Used catalytic converters wind up in new and used vehicle dealers, automobile junkyards, muffler shops, and auto repair shops. If you work in one of these industries, you’re probably aware that each old converter includes around a tenth of an ounce of platinum, worth $1,000 per ounce or more.

The issue is that the platinum in your second-hand catalytic converters isn’t in tidy, tiny chunks that you can remove and sell. Platinum must be extracted and separated from the catalytic converter’s internal honeycomb by a recycling business using specialist equipment.

Why Do You Need to Recycle a Catalytic Converter?

  1. Preservation of Natural Resources

Mining metal ore and producing metals is a time-consuming and energy-intensive operation that involves significant mining, expensive procedures, and sometimes dangerous chemicals.

Platinum ore, for example, must be retrieved from deep tunnels, which requires a lot of drilling power, and a lot of ore is required for a substantial quantity of final platinum product. You might need to mine as much as 12 tons of ore to produce one troy ounce of platinum.

Platinum ore must be chemically processed once mined to get the metal. This is harmful to the environment and harmful to mining employees, who are often underpaid and compelled to work in dangerous conditions.

You may reduce the mining requirement for platinum and other precious metals by recycling your catalytic converter. For the environment, this is a tremendous victory.

  1. The High Value of Catalytic Converters

When you sell your catalytic converters to scrap metal dealers or recycling firms, you could be in for a considerable payday. Catalytic converters are often recycled for money due to their valuable components, unknowingly benefiting the environment.

The value of the platinum metal is growing over time. Its economic worth has never declined over the previous 20 years. As a result, the value of platinum is increasing on a daily basis. The price of platinum per gram is now more than $30. And that’s not even the most expensive component. Another PGM, palladium, is worth more than $70 per gram, but that’s nothing compared to rhodium. That PGM is worth more than $600 per gram these days. 

Keep in mind that these prices are somewhat volatile and do tend to fluctuate over time. However, the point remains — the PGMs in your catalytic converters are very valuable. 

How Do You Recycle Catalytic Converters?

Catalytic converters, like other materials, are graded and recyclable components separated after it is acknowledged at a materials recovery center. The metals may then be sent to recycling plants to be repurposed.

It is important to know the vehicle’s make, year, and model that a converter has been taken from. This knowledge will make it easy for you to find a buyer or for easy recycling purposes. This information will enable you to propose a reasonable quote. In addition, the details can enable you to know the value of the catalytic converter by searching online.

Some scrap yards are keen to check on the information outside the shell of the catalytic converter for an accurate quote. Selling your catalytic converter for scrap value will require you to know whether it is aftermarket or an original one. An original catalytic converter will fetch a higher price for scrap value, while the aftermarket will fetch much less. The reason for the difference in prices is that the aftermarket catalytic converters have fewer precious metals inside as compared to the original one.

It’s crucial to remember that you shouldn’t try to remove catalytic converters and their components. Even if your automobile is junk, removing the catalytic converter’s metal components may be difficult and risky.

When you tamper with the mesh-like structure inside the catalytic converter, the scrap yard will be unable to identify the type of the catalytic converter you are selling for recycling. This honeycomb, whose function is to filter exhaust fumes before passing through precious metals, acts as the housing. When you keep the honeycomb, the scrap yard will identify the vehicle it is from and pay the required amount.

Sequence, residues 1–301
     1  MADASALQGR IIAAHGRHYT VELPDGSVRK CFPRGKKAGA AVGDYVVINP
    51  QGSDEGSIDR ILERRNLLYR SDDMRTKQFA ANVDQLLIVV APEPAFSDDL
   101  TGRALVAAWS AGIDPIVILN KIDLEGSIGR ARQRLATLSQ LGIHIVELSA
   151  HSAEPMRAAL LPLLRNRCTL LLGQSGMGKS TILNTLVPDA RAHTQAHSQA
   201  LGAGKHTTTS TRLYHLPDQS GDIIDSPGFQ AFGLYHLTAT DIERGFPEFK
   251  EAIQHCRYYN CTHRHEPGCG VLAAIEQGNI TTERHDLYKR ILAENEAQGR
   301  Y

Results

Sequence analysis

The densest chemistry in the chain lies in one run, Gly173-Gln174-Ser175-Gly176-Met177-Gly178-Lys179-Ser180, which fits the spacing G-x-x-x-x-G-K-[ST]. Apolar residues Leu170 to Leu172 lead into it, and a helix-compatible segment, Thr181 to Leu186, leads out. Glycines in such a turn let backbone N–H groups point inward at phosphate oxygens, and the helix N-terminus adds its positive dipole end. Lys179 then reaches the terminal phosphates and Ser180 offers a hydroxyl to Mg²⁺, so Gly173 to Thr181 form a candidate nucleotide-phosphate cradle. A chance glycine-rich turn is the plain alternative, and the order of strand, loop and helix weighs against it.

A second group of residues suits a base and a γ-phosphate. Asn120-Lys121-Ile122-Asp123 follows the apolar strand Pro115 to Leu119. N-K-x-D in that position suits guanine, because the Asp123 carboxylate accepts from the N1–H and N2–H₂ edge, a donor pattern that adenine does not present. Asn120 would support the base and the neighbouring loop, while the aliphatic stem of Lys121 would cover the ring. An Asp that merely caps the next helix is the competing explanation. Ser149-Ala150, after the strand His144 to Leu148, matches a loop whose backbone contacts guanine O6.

In addition, it is imperative to acknowledge that catalytic converters are designed so that the metals are not harmful when left undisturbed. Nevertheless, when they are opened, the ceramic bricks are exposed, and they are considered hazardous. As a result, it’s vital to leave it to the professionals who have the necessary expertise and safety equipment.

Taking catalytic converters to a scrap metal yard or metal recycling provider or arranging for pickup is the safest and most efficient method to recycle them.

The Recycling Process

Step 1

Acquiring the catalytic converters from suppliers and dealers.

Step 2

Taking the used catalytic converters through the de-canning process. This process is arguably the most efficient in ensuring that stainless steel or steel housing is reclaimed.

The recyclers can recover 100% of all metals in the catalytic converter through the process. The convertor is conveyed hydraulically to a shear mill which pulverizes the scrap core. These small pieces land on a shaker table where a heavy magnet is used to separate between the ferrous and nonferrous metals.

The magnetic materials are picked by up the magnet and taken to a scrap steel holding zone for shipment to a steel mill. The steel is repurposed into new steel products at the mills, ready for the market.

Step 3

The honeycomb or the ceramic block is sucked by an air separator and carried in small solid pieces to the large holding packages.

Step 4

These holding packages containing precious metals are sold to a refinery that is purposely designed for recycling catalytic converters. Before smelting, the materials are crushed further into smaller bits. The furnace used for smelting is set at 1,200 degrees Fahrenheit and operates for 12 hours.

The smelting process separates ceramics and non-metallic components from the main precious metals. Once the nonferrous metal content is removed, the precious metals are cooled and solidified. At this stage, a chemical separation process is applied to deliver pure palladium, platinum, and rhodium.

Step 5

This step involves selling purified precious metals to different industries and manufacturers. Records indicate that 80% of the precious recycled metals are sold back to the auto manufacturing industries. Others are shipped to manufacturing companies dealing with nylon and synthetic rubber, missile parts as conductors and jet engines, and other jewelry and consumer electronics.

It is imperative to indicate that catalytic converters will remain precious across the world for the next several years — until the auto manufacturers fully shift to electric vehicles.